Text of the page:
The U.S. president’s recent announcement may open the door to the Arabs and Turks who threaten and vow so that their help and quality weapons, especially heat-seeking missiles (manpads), would flow to the FSA to offset the regime’s aviation system that is bombing the people. It will be a tough battle, and the regime will fiercely resist, and it is already doing so. They should not be betting on the initiative of the President of the Syrian National Coalition, Moaz al-Khatib, to negotiate with the regime and convince Assad to resign and form a transitional government. Khatib knows that the regime can only afford a complete triumph or a technical defeat, but he seems like someone who wants to say to the world: “I have knocked on every door, and the only thing left is the international community intervention.”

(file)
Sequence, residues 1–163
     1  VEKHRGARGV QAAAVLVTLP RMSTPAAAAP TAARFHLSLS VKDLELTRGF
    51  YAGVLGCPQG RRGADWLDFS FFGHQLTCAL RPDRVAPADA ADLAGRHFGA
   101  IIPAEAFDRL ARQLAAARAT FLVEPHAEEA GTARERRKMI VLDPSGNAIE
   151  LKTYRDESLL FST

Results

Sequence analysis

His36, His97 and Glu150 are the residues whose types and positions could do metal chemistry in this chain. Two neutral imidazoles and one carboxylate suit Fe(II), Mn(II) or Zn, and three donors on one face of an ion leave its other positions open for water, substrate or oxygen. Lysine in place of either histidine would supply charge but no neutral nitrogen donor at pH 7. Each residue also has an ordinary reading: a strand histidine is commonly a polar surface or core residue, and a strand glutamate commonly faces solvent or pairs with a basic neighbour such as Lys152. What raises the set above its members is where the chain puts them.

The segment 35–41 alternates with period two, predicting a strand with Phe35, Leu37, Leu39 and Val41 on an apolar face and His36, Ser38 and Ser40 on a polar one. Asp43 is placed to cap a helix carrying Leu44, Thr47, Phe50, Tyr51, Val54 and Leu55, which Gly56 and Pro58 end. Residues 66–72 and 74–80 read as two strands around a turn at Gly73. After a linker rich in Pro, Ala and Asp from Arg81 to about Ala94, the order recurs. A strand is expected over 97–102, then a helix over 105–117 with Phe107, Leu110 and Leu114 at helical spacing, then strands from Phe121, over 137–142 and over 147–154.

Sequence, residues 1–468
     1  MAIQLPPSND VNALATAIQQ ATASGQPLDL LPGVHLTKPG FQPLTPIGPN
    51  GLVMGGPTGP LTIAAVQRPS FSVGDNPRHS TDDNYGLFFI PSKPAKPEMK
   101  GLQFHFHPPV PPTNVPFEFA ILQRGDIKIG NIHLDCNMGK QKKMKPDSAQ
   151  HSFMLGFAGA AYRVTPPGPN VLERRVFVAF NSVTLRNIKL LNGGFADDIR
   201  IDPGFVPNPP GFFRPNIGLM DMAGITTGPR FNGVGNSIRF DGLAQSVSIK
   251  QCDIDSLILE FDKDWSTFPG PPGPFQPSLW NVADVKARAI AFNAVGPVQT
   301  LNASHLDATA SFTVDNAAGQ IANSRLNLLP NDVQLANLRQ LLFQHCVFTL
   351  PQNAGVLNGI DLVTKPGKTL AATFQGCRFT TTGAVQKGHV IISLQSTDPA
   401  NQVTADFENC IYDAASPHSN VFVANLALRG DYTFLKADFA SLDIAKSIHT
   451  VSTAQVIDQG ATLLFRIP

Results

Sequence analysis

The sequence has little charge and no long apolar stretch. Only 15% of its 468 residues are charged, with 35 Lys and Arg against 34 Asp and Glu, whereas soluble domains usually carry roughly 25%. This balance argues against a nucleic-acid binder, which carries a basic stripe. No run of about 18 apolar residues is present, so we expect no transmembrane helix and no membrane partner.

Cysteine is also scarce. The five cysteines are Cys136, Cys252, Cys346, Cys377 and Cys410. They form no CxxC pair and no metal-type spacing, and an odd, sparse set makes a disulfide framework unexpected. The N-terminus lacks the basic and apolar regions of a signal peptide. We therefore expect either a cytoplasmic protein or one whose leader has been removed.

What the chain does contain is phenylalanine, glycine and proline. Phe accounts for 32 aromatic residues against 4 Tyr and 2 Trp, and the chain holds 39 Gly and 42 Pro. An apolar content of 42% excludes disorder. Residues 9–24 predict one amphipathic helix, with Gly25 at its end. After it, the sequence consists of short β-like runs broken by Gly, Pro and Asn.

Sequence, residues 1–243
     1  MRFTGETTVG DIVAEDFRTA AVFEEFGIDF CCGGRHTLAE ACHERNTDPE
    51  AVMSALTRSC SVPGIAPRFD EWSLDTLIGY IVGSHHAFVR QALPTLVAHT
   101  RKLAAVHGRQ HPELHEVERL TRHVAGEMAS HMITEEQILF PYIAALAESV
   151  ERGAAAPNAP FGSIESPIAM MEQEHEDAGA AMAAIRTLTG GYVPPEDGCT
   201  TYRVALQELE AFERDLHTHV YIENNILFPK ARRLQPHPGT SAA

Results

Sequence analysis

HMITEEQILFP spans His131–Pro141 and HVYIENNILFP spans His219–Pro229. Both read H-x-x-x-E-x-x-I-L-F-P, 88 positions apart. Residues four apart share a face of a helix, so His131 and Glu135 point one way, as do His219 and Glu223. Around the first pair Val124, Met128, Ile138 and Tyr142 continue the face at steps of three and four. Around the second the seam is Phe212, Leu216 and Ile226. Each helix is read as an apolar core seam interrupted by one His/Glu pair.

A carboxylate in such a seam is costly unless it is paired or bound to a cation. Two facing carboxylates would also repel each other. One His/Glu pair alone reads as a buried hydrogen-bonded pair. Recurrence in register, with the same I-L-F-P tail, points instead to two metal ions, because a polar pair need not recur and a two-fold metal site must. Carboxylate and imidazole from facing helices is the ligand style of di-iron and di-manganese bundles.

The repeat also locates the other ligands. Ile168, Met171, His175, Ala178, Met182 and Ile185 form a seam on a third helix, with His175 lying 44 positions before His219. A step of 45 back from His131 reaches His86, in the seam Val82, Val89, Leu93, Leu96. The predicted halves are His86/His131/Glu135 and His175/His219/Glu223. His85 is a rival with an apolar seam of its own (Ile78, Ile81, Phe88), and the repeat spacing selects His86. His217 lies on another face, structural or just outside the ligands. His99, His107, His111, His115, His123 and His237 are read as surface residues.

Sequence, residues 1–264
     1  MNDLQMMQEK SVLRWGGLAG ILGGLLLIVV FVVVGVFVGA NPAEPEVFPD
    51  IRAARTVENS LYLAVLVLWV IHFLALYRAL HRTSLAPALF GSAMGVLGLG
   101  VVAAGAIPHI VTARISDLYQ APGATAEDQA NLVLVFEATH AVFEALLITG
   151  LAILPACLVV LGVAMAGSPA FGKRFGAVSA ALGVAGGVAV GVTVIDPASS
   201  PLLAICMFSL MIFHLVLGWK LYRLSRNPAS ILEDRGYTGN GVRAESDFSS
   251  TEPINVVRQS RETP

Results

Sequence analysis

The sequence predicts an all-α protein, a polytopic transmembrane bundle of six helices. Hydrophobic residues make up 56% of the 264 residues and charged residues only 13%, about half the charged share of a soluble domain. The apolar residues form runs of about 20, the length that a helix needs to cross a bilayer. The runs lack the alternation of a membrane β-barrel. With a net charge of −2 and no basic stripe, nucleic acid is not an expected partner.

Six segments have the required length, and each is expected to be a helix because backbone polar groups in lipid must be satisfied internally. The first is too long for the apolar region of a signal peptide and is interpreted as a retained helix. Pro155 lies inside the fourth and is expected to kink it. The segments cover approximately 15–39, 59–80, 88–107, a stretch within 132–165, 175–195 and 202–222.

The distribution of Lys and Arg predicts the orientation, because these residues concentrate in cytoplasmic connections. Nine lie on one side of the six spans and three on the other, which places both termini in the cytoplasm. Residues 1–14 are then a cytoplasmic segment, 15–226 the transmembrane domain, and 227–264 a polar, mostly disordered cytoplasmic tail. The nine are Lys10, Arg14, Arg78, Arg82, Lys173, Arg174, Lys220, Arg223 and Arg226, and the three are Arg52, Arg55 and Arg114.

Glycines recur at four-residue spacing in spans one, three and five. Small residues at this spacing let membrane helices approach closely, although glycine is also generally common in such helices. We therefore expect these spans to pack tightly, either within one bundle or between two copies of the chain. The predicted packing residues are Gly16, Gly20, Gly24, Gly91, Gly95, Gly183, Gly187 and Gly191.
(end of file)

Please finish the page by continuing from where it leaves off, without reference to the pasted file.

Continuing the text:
The experts are afraid that the “limited intervention will drag bigger interference” which means that no one would know what will happen after arming the rebels with quality weapons, maps and intelligence information, followed by “special operations” units that would bomb military targets such as ballistic missiles base that was deliberately used by the regime against its own people.